Lookalike Tsonga reveals Ali connection
MELBOURNE, Jan 26 (Reuters) - Australian Open finalist Jo-Wilfried Tsonga's resemblance to a young Muhammad Ali has caused quite a stir at the year's first grand slam.
The young French tennis player does, however, have a more tangible connection with the former world heavyweight boxing champion.
Tsonga's father Didier, who arrives in Australia on Sunday before the final against Serbia's Novak Djokovic, was at the famous 1974 "Rumble in The Jungle" fight in the former Zaire between Ali and then world champion George Foreman.
"My father was at the fight at Kinshasa because he's from Brazzaville," Tsonga told an astonished press pack on Saturday. "He took some photos, so I have some souvenirs." The 22-year-old said he had not thought of Ali as a sporting hero growing up, but he is now well aware of the "Louisville Lip" and his impact on world sport. "Yeah, of course, I watch some DVDs," Tsonga said, adding that there were other things he admired in the 66-year-old. "Maybe his personality on the court. Maybe I think I have the same (in) tennis as his (in) boxing."
Underdog Tsonga ready to take on the world
By Greg Stutchbury
MELBOURNE, Jan 26 (Reuters) - Australian Open finalist Jo-Wilfried Tsonga smiled, gave a typically Gallic shrug of the shoulders and considered his answer.
"I don't know," he told reporters when asked about what the secret was to his amazing run to Sunday's final against third seed Novak Djokovic. "Because maybe I don't want to play bad," he added with a smile and another shrug.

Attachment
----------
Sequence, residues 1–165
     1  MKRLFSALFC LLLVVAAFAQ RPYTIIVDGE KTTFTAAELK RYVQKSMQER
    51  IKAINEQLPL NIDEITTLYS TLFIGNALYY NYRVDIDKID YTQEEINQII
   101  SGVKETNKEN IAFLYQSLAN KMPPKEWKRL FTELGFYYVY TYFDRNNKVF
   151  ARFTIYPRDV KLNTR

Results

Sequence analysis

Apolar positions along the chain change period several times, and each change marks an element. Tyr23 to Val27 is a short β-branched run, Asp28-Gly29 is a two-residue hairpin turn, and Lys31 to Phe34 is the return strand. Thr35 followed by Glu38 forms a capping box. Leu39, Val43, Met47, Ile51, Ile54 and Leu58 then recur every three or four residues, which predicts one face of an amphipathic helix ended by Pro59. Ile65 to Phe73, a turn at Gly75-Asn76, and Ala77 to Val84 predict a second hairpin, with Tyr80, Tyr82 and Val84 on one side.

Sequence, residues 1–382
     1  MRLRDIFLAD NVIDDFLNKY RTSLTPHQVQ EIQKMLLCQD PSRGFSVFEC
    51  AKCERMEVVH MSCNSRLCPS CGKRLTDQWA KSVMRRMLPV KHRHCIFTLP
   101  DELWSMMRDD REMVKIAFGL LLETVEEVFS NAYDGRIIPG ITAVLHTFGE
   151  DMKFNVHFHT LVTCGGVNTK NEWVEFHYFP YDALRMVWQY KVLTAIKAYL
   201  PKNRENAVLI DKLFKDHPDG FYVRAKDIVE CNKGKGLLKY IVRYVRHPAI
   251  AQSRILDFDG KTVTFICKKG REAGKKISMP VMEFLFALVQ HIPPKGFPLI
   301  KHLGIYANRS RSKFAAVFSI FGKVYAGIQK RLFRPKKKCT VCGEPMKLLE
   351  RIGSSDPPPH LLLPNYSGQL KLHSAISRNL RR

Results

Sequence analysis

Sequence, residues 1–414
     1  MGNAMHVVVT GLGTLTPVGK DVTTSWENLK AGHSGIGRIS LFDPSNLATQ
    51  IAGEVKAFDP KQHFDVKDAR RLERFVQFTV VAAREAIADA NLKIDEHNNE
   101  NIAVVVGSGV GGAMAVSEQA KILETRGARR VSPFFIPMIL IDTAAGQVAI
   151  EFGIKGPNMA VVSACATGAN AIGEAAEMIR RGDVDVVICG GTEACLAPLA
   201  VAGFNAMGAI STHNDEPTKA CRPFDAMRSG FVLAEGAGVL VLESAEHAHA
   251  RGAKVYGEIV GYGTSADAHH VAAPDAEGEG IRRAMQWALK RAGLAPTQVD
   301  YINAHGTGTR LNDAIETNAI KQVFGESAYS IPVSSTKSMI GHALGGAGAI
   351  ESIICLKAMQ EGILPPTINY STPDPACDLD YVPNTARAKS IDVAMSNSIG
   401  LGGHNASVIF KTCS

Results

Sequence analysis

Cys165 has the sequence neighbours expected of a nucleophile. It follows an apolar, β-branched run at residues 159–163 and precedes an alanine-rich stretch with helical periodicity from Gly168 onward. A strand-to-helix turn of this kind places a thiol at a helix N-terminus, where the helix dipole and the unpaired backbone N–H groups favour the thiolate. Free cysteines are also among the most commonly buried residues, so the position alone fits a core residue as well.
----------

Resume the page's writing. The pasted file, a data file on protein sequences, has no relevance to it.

The 22-year-old's broad shoulders have provided the impetus needed to blast past four seeds, including a demolition of number two Rafael Nadal in the semi-finals, to set up his first grand slam final against Serbia's Djokovic.
In doing so, he is the first Frenchman to reach a grand slam final since Arnaud Clement met Andre Agassi at Melbourne Park in 2001. Only one other Frenchman -- Yannick Noah at Roland Garros in 1983 -- has won a grand slam title in the Open era.
If he beats Djokovic he would be the first Frenchman to win the Australian Open title since Jean Borotra in 1928, and only the third man in the Open era to claim his first ATP tour title at a grand slam.
That history does not appear to be weighing on him.
"I not believe it, but I'm here and I have to do it," he said."Just play, just do my best, and that's it.
"I will see what happens on the court but I will do my best. If I win, that's unbelievable. And if I lose, I did my best, so no problem."
Djokovic, however, faces greater pressure to succeed having disposed of world number one and defending champion Roger Federer in the semi-finals.
The Serb knows he will be the favourite on Sunday, having not dropped a set in the tournament and having played in a grand slam final, at last year's U.S. Open.
"Looking at the rankings I would be the favourite," the 20-year-old Serb said. "I have more experience in these important matches, and I have been already in the grand slam finals.
"But ...it's very dangerous to play against somebody who is first time in a grand slam final who has nothing to lose.
"I've seen many of his matches. I was impressed with the way he plays.
"He's just living the dream. For him it's a great achievement. So I think he's going to go for the shots."
(Editing by Ed Osmond)